Speculation about Shell exiting Woodside is nothing new. Slugcatcher reckons he has seen about a dozen versions of the same story in the three years since the Australian Government told Shell it was not an acceptable owner of the country’s biggest pure oil and gas company.
So, if the background noise has been playing so loudly, for so long, what’s different this time?
For starters, there was a fresh and very open burst of the gossip late last week, not from within Australia, but from Singapore, the regional oil capital and a place very well plugged into China Inc.
According to a survey of banks and brokers by the Reuters news service four experts nominated CNOOC, the China National Oil Company, as the logical buyer of Shell’s 34% stake in Woodside.
The argument, which is really just a more hyped-up version of what’s been around for some time, is that Shell has been told it can never have all of Woodside, so it might as well sell.
Overlaying that core argument is the new-found interest by China Inc for direct ownership of its key raw materials. This is best illustrated by the efforts of China Minmetals to acquire Noranda, a big Canadian copper and zinc miner.
But, what caught Slugcatcher’s eye in the latest bout of rumour mongering was the way in which someone has crunched a few interesting numbers when it comes to Shell.
For instance did anyone out there in Slugcatcher’s backyard know that Shell’s share of Woodside’s forecast 57 million barrels of oil equivalent to be produced this year is around 19 million barrels – a very lowly 1.4% of overall Shell production.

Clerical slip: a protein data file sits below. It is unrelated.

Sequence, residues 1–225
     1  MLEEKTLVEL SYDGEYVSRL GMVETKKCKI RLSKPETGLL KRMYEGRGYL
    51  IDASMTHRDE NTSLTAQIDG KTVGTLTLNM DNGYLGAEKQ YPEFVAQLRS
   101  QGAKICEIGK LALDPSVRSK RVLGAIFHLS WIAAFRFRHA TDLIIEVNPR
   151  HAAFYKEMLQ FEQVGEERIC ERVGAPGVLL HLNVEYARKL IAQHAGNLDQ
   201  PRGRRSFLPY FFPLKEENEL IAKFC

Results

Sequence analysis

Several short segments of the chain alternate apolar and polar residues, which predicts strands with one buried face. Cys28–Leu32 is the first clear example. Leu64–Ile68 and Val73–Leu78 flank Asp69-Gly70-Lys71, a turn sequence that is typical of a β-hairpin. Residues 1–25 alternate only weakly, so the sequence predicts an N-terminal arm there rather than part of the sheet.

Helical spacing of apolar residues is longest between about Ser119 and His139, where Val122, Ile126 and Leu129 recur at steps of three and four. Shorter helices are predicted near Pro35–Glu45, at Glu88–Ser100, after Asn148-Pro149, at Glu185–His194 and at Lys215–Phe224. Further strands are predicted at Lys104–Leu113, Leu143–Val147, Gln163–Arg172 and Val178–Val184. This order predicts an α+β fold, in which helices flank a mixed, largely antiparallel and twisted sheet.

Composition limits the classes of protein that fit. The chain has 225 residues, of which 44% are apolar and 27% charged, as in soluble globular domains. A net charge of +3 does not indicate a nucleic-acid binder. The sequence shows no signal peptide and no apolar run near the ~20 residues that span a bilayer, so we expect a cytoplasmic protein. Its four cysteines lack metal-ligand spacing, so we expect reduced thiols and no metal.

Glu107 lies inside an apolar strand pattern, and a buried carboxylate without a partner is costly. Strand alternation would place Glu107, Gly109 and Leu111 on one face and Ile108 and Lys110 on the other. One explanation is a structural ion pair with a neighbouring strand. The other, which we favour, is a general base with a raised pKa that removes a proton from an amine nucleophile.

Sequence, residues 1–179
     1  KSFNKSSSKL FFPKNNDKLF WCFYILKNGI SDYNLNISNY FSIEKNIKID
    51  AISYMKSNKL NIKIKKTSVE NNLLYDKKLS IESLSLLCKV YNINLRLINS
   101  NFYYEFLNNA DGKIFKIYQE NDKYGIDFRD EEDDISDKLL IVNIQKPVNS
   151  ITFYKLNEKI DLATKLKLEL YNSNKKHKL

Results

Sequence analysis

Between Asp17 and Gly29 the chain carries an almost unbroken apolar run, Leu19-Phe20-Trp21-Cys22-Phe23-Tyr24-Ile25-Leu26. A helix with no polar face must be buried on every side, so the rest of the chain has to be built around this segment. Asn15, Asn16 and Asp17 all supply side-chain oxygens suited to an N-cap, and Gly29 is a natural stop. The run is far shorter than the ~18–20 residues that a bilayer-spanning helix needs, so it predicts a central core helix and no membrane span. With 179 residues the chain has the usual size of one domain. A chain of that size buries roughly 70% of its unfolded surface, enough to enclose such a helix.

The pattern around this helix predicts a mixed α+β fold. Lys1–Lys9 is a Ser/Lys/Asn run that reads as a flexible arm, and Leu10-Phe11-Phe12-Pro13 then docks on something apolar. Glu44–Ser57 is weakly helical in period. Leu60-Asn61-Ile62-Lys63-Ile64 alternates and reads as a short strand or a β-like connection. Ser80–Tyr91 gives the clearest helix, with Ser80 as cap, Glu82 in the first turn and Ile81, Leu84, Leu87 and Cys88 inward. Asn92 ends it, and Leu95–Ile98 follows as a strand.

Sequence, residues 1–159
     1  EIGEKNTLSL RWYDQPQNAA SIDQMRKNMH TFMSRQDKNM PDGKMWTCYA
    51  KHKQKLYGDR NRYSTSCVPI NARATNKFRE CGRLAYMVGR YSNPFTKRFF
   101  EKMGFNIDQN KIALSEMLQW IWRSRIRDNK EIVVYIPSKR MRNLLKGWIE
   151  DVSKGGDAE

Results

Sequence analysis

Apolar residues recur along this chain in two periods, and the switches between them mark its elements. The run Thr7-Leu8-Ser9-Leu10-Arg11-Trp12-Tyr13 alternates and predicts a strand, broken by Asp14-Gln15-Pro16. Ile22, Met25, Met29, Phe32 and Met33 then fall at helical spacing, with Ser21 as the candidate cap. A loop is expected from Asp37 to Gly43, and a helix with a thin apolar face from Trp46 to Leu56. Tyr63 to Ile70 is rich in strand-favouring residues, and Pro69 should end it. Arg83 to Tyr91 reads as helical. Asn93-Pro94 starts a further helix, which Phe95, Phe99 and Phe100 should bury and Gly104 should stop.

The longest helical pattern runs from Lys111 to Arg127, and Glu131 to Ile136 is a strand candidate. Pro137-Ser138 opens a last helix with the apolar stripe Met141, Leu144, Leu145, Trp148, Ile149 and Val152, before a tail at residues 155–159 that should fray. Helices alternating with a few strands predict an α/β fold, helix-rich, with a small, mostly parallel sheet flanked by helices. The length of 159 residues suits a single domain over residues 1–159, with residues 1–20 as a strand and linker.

Or that the value of the 34% stake in Woodside is equivalent to 1.8% of Shell’s market capitalisation.
In other words, if Shell gives its Woodside stake the flick it is of virtually no consequence to production numbers or market cap.
A sale, however, is likely to generate somewhere between $US3 billion and $US4 billion for Shell, which is roughly one-third of the target set by Shell in its current asset sales program, which is all about re-organising the company after its embarrassing overbooking of reserves.
Capping off the logic, and introducing CNOC as the logical buyer, is Shell’s desire to curry favour with Beijing.
By flicking to CNOOC a tasty morsel, which will give it a chunk of long-term LNG supplies, Shell may be able to lever itself to a better position for mega gas sales in future deals with its new friends in China.
In other words, a sale to CNOOC achieves many ends. It pleases China Inc – not a bad thing to do for the world’s fastest growing energy market. It satisfies one-third of Shell’s asset sales program. It rids Shell of a minority interest in a business that government has said it will never control – at a time when the unwanted asset is likely to fetch a peak price.
And, once the deal is done, Shell retains a direct stake in Woodside’s biggest asset, the North West Shelf joint venture.
Neat heh! Or too neat to be true?
If Slugcatcher was a betting man, he goes for the neat solution and thinks it could be well worth checking out whether Don Voelte, or any of the other senior chaps at Woodside, have enrolled for night classes in Mandarin or Cantonese.